You are here

How did meteorologists predict monsoon, a season in advance?

Read time: 4 mins
  • Photo : Purabi Deshpande / Research Matters
    Photo : Purabi Deshpande / Research Matters

Yesterday, the Indian Meteorological Department predicted this year’s monsoon to be normal. But wait, we are still in the early summer months, right? How did they do that well ahead in time for our farmers to sow their seeds and plan their irrigation resources and for civic authorities to plan the distribution of water for domestic and industrial uses? With much of our country relying on monsoon, perfecting the art of predicting it right is necessary. Scientists have now perfected the art, thanks to a study published in Nature’s Scientific Reports, where the arrival of monsoon could be predicted as early as three months in advance!

Until now, the Indian Meteorological Department (IMD) was able to predict the arrival or onset of monsoon about fifteen days in advance. However, this is too less a time for farmers to completely plan their agricultural activities or water resources. That’s why researchers from Indian Institute of Tropical Meteorology (IITM) started thinking about the best way to crack this problem and have now devised a method to predict the arrival of monsoon a season in advance.

The arrival of monsoon is not a silent affair. Large scale changes occur in the atmosphere over the Arabian Sea, the Indian peninsula and the Indian Ocean before monsoon arrives in Kerala. Meteorologists study these changes, including rainfall, wind and radiations in the atmosphere, that occur only a few weeks earlier, to make predictions.

“Most of the present dynamical prediction system has the limitation of predicting monsoon onset date only 2-3 weeks in advance. The primary motive of our study was to show the possibility of using a global seasonal forecasting model (CFS v.2) to predict early or delayed onset from the large-scale atmosphere-ocean conditions during February itself”, said Mr. Maheswar Pradhan, a scientist at IITM and an author of the study.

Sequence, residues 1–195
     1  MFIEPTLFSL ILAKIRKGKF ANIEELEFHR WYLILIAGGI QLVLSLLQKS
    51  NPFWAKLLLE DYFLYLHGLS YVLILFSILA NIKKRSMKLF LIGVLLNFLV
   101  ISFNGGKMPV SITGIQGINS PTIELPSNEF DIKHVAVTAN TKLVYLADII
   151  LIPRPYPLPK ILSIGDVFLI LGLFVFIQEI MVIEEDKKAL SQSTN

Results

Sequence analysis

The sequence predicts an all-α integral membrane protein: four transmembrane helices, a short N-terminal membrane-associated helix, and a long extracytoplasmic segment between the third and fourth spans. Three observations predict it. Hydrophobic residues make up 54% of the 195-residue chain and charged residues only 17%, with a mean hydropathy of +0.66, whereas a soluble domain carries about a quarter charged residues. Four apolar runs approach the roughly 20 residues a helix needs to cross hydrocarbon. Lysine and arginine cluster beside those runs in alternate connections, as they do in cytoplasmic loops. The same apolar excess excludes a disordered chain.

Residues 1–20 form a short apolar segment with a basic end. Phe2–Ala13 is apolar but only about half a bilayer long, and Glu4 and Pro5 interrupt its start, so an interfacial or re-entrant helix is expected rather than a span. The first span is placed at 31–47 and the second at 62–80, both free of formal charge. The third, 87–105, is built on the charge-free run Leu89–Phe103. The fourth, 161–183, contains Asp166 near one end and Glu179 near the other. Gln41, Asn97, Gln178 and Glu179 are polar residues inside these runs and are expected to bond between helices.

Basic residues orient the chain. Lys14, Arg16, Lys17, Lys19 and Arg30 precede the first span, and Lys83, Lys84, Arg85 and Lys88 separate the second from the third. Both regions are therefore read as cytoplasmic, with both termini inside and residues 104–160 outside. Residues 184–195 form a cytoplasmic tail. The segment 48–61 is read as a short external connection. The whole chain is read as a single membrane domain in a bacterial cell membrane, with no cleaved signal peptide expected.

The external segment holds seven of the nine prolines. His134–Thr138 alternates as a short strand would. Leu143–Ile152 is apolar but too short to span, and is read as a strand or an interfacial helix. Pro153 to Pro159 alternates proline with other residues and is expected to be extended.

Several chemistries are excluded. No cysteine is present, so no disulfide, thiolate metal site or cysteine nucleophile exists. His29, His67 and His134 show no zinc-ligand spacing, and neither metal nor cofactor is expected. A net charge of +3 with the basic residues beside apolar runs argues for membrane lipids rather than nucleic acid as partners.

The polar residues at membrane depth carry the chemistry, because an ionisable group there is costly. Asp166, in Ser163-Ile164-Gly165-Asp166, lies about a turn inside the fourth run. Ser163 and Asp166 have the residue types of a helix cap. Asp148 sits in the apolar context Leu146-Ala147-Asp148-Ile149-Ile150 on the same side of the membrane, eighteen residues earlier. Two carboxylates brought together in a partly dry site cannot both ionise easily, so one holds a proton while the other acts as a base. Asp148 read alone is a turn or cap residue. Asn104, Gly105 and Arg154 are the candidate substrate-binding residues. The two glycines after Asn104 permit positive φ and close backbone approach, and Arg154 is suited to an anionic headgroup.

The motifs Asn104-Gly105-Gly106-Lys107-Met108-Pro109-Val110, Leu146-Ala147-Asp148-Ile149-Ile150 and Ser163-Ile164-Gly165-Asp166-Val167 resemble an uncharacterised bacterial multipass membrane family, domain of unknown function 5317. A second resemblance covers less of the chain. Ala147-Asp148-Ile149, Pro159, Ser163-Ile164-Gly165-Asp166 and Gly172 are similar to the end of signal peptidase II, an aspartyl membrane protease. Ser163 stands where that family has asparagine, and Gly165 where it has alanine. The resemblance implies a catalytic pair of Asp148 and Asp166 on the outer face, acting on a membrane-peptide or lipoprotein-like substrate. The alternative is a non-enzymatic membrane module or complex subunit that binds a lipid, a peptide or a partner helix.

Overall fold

The Indian monsoons depend not only on atmospheric changes, but also on global climatic phenomenon like the El Nino Southern Oscillations (ENSO), Indian Ocean Dipole (IOD), North Atlantic Oscillation (NAO) as well as Pacific Decadal Oscillations. These are patterns of climate variation which repeat after relatively long time periods. The researchers have used global circulation models (GCMs)--computer-based climate models used for weather forecasting—to capture these global weather patterns and make early predictions of monsoon.

Interestingly, when the monsoon arrives in Kerala, the temperature over the Indian peninsula becomes more than the temperature over the Indian Ocean. During other times, the temperature over Indian peninsula is lesser than the temperature over the ocean. The researchers used this phenomenon, called temperature inversion, in their models for monsoon prediction.

For this study, the researchers used data from the United State’s National Center for Atmospheric Research (NCAR) and the National Centers for Environmental Prediction (NCEP) and predicted the monsoon onset date for a period of 26 years (from 1982 to 2008). They then compared their predictions with the actual IMD data for the same period on the arrival of monsoon.

The results showed that the mean onset date predicted by the study was 30th May, whereas the mean date as per data from IMD was 2nd June. More interestingly, the new model could predict the variation in the arrival of monsoon with considerable accuracy. “It is found that the model prediction has a good has a hit rate of 60-70% for early and delayed onset. In other words, out of 10 early or delay years, 6-7 are captured correctly”, said Mr. Pradhan. They also observed that global sea surface temperatures have a considerable influence on the arrival of monsoon in India; higher sea surface temperatures over Pacific and Indian Ocean caused delays.

The researchers are now working towards improving this model by adding a few more parameters that can help in improving the accuracy of the model. “In the current setup (models), monsoon onset variability is largely controlled by EL-Nino & Southern Oscillation. We need to identify more parameters that influence monsoon and improve the simulation of these drivers in order to further improve the prediction skill”, remarks Mr. Pradhan, talking about the future plans.

Editors Note: An earlier version of the article was inadvertently published. The error is regretted.